How do you know if your child is on track developmentally? To help determine your child's spinal health, perform this simple test. Look at your child and see how the spine looks when they are standing (facing away from you) with their shirt off. Does the spine appear straight or mostly straight? If you see a curve either to the right or the left, make a note of how it looks to you. Then, have the child bend forward and see if the curve disappears. This is helpful information to tell your chiropractor when you bring your child in to see them. Early detection of spinal health concerns will likely offer more effective treatment options.
Also, look at your child's feet. Do they seem to walk with one foot turning outward? Do they appear to have flat arches? As a parent, you can help identify any "interesting" ways your child might be walking, standing or running. How do you know what to look for? You can always compare them to their siblings and other children their age. Then talk to your chiropractor, who is trained to know what to look for and can help you make sense of your observations.
Why Chiropractic Care During Childhood Is Beneficial
Remember that children have a spine, just like you and I do as adults. Kids go through their daily activities of playing, running, riding their bikes, playing sports, falling down and roughhousing with their friends. Their spines and the bones that make up their joints can move out of alignment, just like adults; sometimes even more so, since they are so active and often "throw caution to the wind" in terms of personal safety.
Just as you believe in getting regular tune-ups from your dentist, medical doctor and your optometrist, make sure your children benefit from that type of thinking as well. Most of the aches and pains that we go through as children (and as adults) can be greatly helped by getting adjustments from a doctor of chiropractic.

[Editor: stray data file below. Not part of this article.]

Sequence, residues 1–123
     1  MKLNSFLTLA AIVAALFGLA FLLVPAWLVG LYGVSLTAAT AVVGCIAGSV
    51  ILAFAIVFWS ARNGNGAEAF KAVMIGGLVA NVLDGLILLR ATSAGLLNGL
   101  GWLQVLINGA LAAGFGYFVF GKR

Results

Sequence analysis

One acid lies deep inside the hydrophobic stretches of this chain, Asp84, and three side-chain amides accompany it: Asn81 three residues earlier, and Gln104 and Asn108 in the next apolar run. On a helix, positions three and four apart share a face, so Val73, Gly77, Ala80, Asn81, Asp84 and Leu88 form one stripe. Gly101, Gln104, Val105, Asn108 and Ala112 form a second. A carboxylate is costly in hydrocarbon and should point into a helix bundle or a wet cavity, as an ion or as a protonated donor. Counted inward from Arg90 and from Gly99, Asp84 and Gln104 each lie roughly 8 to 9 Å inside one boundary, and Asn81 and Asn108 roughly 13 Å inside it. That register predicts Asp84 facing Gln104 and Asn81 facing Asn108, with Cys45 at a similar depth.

The youngest patients could see the biggest benefit from chiropractic care. Think of an infant who, during birth, has their head, shoulders or neck pushed against the mom's pelvic bones. Or perhaps the child had a difficult birth and was stuck in the birth canal at an odd angle. There is spinal stress associated with those scenarios, and the baby can be born with their spine out of alignment as a consequence.
Babies respond quickly to adjustments. Often common infant/toddler conditions like ear infections, colic and irritability can be improved with adjustments to their spine. Start them off right while they are young and they will keep those good habits into adulthood.
Straightening Up America
"Straighten Up America" is a bold and innovative health promotion initiative designed to empower the American people toward better spinal health and an improved quality of life. This national program also serves as the prototype for an international health promotion initiative.
The vision driving Straighten Up America is very simple. It envisions a time when every American will take two or three minutes every day to care for their spinal health, just as they care for their dental health. The need for spinal health promotion is great, as evidenced by the billions of dollars that are spent each year related to disability from low back pain alone.
Before the creation of this initiative, there was no short, simple, engaging spinal exercise program specifically designed to promote the public's spinal health. But now, you can apply the Straighten Up America initiative to your life and that of your family by performing spinal health exercises and getting your spine checked by your chiropractor on a regular basis.
Our children are truly amazing beings; as we watch them grow from infancy to adulthood, the wonders never cease. Their bodies are constantly changing, and it is often challenging to keep them functioning in a healthy, happy manner. Take the time to establish good health patterns, including spinal health, for your whole family. Talk to your chiropractor for more information.
Kevin M. Wong, DC, a 1996 graduate of Palmer College of Chiropractic West in San Jose, Calif., practices full-time in Orinda, Calif. He is also an instructor for Foot Levelers, Inc.